Add an embedded background image to your Power BI Theme

Power BI is a very popular visualization tool by Microsoft, allowing companies to do data exploration and analysis to gain a clearer insight into their data. One important aspect of bringing clear reports to your target consumers is how the report and visuals look. You can customize the design of your reports by applying a Power BI theme to make your reports visually better and more uniform across your organization. Microsoft offers a series of standard templates that you can choose from. It is most likely that you want to customize this to your own needs. Once you do this you can save the template as a JSON file and share it with your colleagues. Traditionally your company logo and other pictures you want to use as background needed to be imported and saved as part of your PBIX file. But did you know that there is a much more efficient way of doing this? In this blogpost I will show you what a Power BI theme can do and how you can create a unique background image which will be hardcoded into your Power BI theme.

What is a Power BI theme and why should you use it?

With Power BI themes, you can apply design changes to your report such as formatting the background color of your reporting canvas or visuals, adding your own corporate letter type, adding the official colors of your organization and many more. When you apply a theme to a report, all visuals will behave according to the specificities of that theme. The result will be that your report will have constant formatting without having to design each element individually. Creating a Power BI theme also saves a lot of time. You can create a custom theme within just a few clicks. One great advantage is that you can create multiple themes for each of your business units. Think about HR, Finance, Operations, etc. In this way it is easy for users to detect to which business unit a report belongs. Power BI themes can be saved into a JSON file, which we will discuss extensively later.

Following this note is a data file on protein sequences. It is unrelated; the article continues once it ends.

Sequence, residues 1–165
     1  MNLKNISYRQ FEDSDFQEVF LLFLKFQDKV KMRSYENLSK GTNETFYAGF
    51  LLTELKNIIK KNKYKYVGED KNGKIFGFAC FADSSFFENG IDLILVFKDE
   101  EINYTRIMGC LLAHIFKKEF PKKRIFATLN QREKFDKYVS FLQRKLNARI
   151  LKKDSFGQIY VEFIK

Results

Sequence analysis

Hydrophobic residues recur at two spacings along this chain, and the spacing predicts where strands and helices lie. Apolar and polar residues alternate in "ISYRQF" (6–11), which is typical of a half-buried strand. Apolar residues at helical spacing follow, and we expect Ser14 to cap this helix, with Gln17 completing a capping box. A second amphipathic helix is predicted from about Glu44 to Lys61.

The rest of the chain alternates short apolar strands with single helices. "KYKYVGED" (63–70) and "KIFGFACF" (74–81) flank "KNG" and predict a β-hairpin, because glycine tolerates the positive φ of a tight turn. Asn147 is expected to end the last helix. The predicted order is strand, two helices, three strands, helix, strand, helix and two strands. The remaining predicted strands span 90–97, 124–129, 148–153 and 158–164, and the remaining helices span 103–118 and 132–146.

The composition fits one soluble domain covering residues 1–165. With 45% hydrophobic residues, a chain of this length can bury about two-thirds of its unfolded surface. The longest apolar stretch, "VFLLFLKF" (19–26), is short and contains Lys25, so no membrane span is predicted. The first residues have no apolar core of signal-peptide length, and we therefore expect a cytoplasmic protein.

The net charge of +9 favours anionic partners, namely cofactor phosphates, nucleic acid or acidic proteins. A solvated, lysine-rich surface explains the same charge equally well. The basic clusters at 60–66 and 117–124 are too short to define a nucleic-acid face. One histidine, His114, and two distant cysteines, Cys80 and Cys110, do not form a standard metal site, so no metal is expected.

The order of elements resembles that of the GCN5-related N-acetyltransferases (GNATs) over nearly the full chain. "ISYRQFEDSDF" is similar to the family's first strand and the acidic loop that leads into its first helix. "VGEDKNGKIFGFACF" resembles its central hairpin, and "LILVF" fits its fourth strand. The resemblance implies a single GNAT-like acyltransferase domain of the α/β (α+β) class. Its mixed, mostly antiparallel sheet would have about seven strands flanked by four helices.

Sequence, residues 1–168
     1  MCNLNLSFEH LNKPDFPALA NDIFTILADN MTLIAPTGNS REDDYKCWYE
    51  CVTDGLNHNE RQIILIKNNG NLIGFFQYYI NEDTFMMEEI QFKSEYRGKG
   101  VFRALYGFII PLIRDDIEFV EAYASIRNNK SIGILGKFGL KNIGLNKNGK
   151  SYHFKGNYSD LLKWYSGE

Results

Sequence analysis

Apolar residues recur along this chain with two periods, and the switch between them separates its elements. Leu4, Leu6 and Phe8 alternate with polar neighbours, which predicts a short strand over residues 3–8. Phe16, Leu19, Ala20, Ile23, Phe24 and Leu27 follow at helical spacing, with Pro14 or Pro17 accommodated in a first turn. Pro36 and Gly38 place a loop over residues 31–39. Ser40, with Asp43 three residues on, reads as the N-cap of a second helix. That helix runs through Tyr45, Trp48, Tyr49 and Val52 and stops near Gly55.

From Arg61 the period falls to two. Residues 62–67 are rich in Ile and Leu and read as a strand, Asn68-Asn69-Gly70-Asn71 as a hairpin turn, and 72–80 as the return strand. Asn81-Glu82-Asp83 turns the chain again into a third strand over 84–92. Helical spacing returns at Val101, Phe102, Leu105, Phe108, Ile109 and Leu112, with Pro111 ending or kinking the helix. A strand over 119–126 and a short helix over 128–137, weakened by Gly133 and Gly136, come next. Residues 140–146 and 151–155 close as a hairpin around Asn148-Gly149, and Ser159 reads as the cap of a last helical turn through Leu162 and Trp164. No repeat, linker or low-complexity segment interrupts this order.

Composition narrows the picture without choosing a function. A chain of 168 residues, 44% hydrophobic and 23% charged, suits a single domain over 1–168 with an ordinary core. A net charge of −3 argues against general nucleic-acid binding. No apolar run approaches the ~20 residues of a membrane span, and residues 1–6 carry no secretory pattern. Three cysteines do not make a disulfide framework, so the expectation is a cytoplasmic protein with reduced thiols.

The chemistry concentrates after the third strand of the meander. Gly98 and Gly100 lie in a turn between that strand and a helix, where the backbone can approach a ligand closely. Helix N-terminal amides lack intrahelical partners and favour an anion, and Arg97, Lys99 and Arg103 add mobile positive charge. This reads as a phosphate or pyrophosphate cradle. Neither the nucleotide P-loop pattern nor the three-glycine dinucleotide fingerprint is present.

If you open your Power BI desktop app and select the view button on top, you will see a series of pre-defined Power BI templates. As mentioned before, you can completely customize a template. This is done by clicking on “customize current theme” as shown in the picture below.

Picture 1: how to navigate to Power BI themes

You can fully customize your template as you like but for now it is easiest to just change the background image to whatever color you like. The reason for this is explained in a later part of this blog. Here a light grey color is applied. Definitely make sure you apply a transparency as close as possible to 0%.

Picture 2: Format page background

Once you are done with this, click on apply and you have created a custom Power BI theme.

When you go back to the overview of the templates you will see that the “save current theme” button is now available. If you click on it, you can save your newly created template as a JSON file.

Picture 3: save the current theme

Now go to the place where you saved this JSON file and open it. I would recommend using Visual Studio Code. Format your document by selecting all text and right-mouse click on “format document”. You should have an output that looks like the following:

Picture 4: Output of formatted JSON-file

Adding a custom background

Now it is time to apply the trickiest part of creating your own custom Power BI theme. Adding your own created background as part of the theme. For this I would recommend opening PowerPoint. You can start from an empty slide and create a background as you like. Finally save that slide as a JPG format. If there is a background image already available in your organization, the better! Just verify that it is saved as a JPG. My background image looks like the following: